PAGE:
TOKYO -- A Japanese university team has developed what may be the world's most versatile display, capable of easily switching between transparent, black, light-emitting or reflective.
The device is a combination of two display technologies layered on top of each other. One is an electromechanical display made up of transparent electrodes, while the other is an organic electroluminescent display of the sort used in cellphones.
Its versatile nature means a wide range of potential applications. Used as a house window, for example, the display could regulate incoming sunlight during the day to reduce heating and cooling costs or light the interior at night. Professor Takayuki Uchida and his team at the Tokyo Polytechnic University, with business partners, are hoping for commercialization within a few years.
The display changes states -- switching colors or turning transparent, for example -- depending on the electrical charge.
The organic electrochemical layer shifts among three states, transparent, black or reflective, while the organic electroluminescent layer shifts between two, transparent and light-emitting. These states can be combined in various ways to offer even more display options, such as light-emitting on both sides or light-emitting on one side and reflective on the other.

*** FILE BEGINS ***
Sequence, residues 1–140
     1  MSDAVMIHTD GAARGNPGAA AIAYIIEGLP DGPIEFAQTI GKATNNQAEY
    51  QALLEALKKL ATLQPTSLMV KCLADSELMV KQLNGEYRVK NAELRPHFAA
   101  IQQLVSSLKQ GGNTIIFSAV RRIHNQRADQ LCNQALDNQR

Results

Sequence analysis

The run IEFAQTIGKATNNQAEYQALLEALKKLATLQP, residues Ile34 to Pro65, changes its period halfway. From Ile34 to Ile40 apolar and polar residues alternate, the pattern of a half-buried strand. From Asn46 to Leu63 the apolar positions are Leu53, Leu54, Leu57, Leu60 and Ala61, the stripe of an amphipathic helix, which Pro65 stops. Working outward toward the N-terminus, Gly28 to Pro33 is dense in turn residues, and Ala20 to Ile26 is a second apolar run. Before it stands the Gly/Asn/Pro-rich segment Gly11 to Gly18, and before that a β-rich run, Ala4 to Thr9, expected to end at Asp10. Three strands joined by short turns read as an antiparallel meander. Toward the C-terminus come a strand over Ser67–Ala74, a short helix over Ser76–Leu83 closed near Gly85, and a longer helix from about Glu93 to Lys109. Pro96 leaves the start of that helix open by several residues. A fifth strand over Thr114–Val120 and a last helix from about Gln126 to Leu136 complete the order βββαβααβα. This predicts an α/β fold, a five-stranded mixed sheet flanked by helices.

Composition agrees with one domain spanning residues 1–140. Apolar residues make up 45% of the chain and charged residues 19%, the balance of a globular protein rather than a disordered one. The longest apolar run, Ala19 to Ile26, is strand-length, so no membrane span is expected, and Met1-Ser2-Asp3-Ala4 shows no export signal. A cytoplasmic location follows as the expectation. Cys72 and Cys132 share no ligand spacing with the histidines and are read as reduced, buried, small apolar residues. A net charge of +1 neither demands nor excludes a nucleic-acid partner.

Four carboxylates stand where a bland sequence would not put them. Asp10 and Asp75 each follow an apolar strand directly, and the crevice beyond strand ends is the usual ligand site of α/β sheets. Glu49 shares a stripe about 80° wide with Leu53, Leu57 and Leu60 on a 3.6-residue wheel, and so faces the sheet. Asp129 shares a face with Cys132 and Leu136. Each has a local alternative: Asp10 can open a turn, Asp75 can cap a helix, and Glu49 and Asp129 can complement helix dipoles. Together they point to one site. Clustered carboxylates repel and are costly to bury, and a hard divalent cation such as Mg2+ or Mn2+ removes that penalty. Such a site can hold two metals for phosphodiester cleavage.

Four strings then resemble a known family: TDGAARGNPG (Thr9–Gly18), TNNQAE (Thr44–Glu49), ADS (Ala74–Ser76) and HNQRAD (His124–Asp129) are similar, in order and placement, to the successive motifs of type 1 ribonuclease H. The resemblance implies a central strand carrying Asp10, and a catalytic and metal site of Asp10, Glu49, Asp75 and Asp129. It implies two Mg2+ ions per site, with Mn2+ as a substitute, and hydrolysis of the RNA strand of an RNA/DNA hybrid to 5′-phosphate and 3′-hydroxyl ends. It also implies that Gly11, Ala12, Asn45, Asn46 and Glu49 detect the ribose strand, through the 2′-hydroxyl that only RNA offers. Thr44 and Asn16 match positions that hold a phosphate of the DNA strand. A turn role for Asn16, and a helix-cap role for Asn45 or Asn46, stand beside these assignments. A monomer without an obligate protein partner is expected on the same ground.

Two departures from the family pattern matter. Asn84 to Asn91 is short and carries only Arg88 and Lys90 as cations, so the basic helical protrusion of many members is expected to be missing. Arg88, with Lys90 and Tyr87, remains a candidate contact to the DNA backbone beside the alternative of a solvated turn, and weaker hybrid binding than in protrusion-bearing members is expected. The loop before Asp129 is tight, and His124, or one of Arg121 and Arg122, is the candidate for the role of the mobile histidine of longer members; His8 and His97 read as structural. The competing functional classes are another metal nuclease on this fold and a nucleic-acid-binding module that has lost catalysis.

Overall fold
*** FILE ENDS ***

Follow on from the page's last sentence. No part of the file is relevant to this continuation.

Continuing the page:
The transparent electrochemical layer consists of electrodes made of tin-doped indium oxide and a solution of silver ions sandwiched between two glass plates. One type of electrode has a flat surface, the other a rough one. When a charge lines up the silver particles on the smooth surface, the display becomes reflective, and when the charge changes polarity and moves the silver to the rough surface, the diffusion turns the display black. With no electric charge, the display is transparent.
The potential for energy savings is high. The device can reflect sunlight, raising the efficiency of air-conditioning systems in summer, while during winter it can turn black to help retain warmth in a room. Applied as outdoor electronic signage, it can shift to the optimum display for the given weather and time of day.
Uchida's team has produced a 15-by-15cm prototype estimated to cost about 5,000 yen ($48) for the electrochemical side and about 10,000 yen for the electroluminescent side. The target price for the finished product is a few thousand yen per square meter.
The team has already developed technology that produces larger displays more easily than conventional methods. It uses the CVD (chemical vapor deposition) spray technique, used to make fine films, to control the diameter of the crystallized transparent electrode particles, replacing the disk-shaped devices often used in semiconductor production. The focus now is on improving performance factors, such as responsiveness and durability.